CHEM1042 Fundamentals of Organic Chemistry II for non-chemists
Aims and Objectives
The aim of this course is to provide a core for future studies in chemistry and allied subjects, in aspects of Organic Chemistry as specified below Teaching in this course recognises the diversity of our intake in terms of A level syllabus followed and choice of non-Chemistry A level subjects (maths, physics, etc.). Lecture component: The aim of this organic chemistry course is to introduce students to many of the key concepts of organic chemistry through a survey of the basic reactions of selected monofunctional aliphatic and aromatic molecules. Particular emphasis is placed on the underlying mechanistic pathways that are involved together with some of their stereochemical consequences. The application of spectroscopic techniques for the determination of molecular structure is also considered. Hence, the course seeks to establish a sound foundation on which further learning in organic chemistry can built.
Having successfully completed this module you will be able to:
- Recognise many functional groups and their reactivity
- Recognise many fundamental bond forming reactions and how to apply them in synthesis
- Describe bonding models and appreciate how these impact on the properties of a simple molecule
- Apply curly arrow nomenclature to depict the mechanistic course of a reaction
- Appreciate when different reactions are likely to compete and ways to bias reactions towards a single outcome
- Understand and apply the concept of protecting groups
- Understand how spectroscopic techniques can be used to delineate a molecule’s structure
- Understand the influence of bond polarisation on a molecule’s structure and reactivity
• Applications of nucleophilic substitution reactions: Synthetic value of reactions of alkyl halides and sulfonates with nucleophiles. Revision of key features of SN1 and SN2 reaction mechanisms (including allylic and benzylic systems). Formation of alcohols by hydrolysis of alkyl halides. Reactions of alcohols with strong acids e.g. reaction with HX to form alkyl halides and dehydration to give alkenes. Use of thionyl chloride and phosphorous pentabromide to form alkyl halides (including mechanisms). Use of nitrogen, sulfur and phophorus nucleophiles. • Organometallic reagents for C-C bond formation: the chemistry of Grignard reagents (reversal of polarisation at carbon). Formation by reaction with alkyl halides – reaction conditions. Grignards as bases (reactions with water, alcohols and alkynes). • The elimination reactions: Substitution vs elimination in alkyl halides. Dehydration of alcohols. Elimination mechanisms (E1, E2 and E1cb). Stereochemistry and regioselectivity in elimination reactions. • Electrophilic additions to alkenes: addition to alkenes of hydrogen halides, including regio- and stereochemistry for Markovnikov and anti-Markovnikov additions. Bromination of alkenes via a bromonium ion leading to the formation of trans-1,2-dibromides and bromohydrins. Epoxidation (peracids, and via bromohydrin), hydroboration (basic mechanism) and dihydroxylation (e.g. with OsO4, and via epoxide hydrolysis) of alkenes. • Nucleophilic addition to the carbonyl group: • Introduction - structure and bonding, polarisation, oxidation levels, leaving group ability and the influence of attached atoms on reactivity. Principle reactions with nucleophiles, electrophiles and bases and loci of reactivity. Addition of HCN, hydride, organometallic reagents • Nucleophilic substitution at the carbonyl group: Acetal and imine formation, the Wittig reaction (basic mechanism). • Nucleophilic substitution at the carbonyl group in carboxylic acid derivatives: Addition-elimination reactions, the tetrahedral intermediate. Mechanism of formation of esters from acids and alcohols – role of acid catalysis. Preparation using acid chlorides. Hydrolysis of esters (acid and base-catalysed – including simple mechanisms), Reactions with nucleophiles: (i) with simple Grignards; (ii) with amines; (iii) reduction by LiAlH4., Formation of amides from acid chlorides and esters. Hydrolysis (low reactivity). Nitriles: Formation from alkyl halides. Hydrolysis to carboxylic acids. Reactions with nucleophiles: (i) reduction by hydride reducing agents; (ii) reactions with simple Grignard reagents to give ketones. • An introduction to enolate chemistry: Including ?-alkylation of aldehydes, ketones and acid derivatives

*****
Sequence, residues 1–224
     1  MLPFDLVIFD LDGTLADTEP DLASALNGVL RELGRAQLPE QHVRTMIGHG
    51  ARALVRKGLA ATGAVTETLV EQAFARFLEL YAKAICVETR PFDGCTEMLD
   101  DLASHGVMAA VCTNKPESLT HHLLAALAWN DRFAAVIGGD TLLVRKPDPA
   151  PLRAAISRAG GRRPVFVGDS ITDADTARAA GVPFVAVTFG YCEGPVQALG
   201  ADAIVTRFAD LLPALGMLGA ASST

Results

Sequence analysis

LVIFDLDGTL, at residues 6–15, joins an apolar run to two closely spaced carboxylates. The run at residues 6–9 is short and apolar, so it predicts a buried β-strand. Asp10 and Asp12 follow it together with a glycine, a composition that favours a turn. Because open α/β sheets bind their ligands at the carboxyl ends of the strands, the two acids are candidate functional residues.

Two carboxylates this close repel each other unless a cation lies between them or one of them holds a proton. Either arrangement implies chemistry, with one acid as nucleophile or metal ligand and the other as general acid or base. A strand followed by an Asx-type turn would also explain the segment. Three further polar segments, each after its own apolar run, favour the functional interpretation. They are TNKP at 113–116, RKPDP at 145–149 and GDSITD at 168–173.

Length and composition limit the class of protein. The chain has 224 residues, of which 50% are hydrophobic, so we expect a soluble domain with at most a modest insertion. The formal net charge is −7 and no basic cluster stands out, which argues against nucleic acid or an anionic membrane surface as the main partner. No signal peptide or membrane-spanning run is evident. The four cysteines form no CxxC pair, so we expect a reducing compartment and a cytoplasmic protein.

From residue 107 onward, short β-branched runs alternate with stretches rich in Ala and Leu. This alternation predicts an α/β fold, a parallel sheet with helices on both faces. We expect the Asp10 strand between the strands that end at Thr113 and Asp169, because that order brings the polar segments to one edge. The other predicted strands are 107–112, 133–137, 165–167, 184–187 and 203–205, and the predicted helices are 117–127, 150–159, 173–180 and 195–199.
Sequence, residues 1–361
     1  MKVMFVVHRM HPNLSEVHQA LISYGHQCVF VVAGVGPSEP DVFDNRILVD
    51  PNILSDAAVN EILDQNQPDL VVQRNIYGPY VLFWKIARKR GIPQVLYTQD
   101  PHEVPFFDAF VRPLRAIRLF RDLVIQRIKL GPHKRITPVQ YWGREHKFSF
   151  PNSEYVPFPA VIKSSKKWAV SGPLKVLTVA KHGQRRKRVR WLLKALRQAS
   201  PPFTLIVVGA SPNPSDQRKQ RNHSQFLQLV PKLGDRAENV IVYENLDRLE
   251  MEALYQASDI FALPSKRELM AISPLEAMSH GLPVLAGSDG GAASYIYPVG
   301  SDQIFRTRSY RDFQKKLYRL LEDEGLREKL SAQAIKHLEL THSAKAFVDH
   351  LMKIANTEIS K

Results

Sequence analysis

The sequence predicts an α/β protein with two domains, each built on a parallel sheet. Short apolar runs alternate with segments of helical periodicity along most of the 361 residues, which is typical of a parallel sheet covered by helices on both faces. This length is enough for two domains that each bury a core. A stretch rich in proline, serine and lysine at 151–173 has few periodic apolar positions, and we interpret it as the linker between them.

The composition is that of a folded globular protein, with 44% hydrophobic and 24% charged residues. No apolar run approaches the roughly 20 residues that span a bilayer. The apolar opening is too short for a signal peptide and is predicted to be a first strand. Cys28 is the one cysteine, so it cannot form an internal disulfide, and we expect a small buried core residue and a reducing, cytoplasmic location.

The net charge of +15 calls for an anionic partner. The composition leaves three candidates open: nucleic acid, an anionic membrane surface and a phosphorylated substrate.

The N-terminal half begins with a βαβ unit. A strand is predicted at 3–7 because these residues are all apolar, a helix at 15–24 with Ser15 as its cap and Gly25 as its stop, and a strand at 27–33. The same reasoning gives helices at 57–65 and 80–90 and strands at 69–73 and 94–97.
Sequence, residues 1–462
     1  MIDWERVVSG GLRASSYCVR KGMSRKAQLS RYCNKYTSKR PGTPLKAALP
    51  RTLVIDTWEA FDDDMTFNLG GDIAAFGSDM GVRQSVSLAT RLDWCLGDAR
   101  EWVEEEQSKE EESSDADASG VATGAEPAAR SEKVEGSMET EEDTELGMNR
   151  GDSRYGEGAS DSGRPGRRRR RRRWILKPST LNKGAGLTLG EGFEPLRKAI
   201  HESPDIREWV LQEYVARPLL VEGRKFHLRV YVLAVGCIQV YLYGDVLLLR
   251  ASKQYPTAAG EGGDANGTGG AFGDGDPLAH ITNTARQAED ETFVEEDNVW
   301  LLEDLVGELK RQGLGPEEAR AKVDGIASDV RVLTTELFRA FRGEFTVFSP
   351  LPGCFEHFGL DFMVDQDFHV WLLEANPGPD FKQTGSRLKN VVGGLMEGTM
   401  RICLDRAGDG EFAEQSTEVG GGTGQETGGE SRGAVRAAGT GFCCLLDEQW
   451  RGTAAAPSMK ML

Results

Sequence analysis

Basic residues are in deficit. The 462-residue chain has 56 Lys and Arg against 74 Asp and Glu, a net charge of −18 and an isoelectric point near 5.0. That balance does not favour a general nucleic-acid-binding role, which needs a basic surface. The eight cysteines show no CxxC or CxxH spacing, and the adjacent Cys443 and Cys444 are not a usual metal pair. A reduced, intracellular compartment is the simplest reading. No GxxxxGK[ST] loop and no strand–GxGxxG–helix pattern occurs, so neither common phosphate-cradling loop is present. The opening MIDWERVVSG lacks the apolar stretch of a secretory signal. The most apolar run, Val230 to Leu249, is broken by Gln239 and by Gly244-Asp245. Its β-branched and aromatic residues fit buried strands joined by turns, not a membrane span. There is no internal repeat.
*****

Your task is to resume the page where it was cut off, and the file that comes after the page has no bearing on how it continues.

Learning and Teaching
Teaching and learning methods
Lectures, problem-solving seminars with group working and tutor support. Feedback is provided • In tutorials through assistance with the set work. • Through the marks achieved in the in online tests. • Through generic feedback following the examinations.
|Wider reading or practice||17|
|Preparation for scheduled sessions||24|
|Total study time||75|
Resources & Reading list
M. Hesse, H. Meier, B. Zeeh (2008). Spectroscopic Methods in Organic Chemistry.
James Keeler and Peter Wothers (2008). Chemical Stucture and Reactivity.
D. Williams, I. Flemming (2008). Spectroscopic Methods in Organic Chemistry.
Andrew Burrows, John Holman, Andrew Parsons, Gwen Pilling, and Gareth Price (2009). Chemistry3: Introducing inorganic, organic, and physical chemistry.
J Clayden, N Greeves and S Warren (2012). Organic Chemistry.
|Examination (2 hours)||100%|
Repeat type: Internal & External
Pre-requisites: CHEM1041 or CHEM1031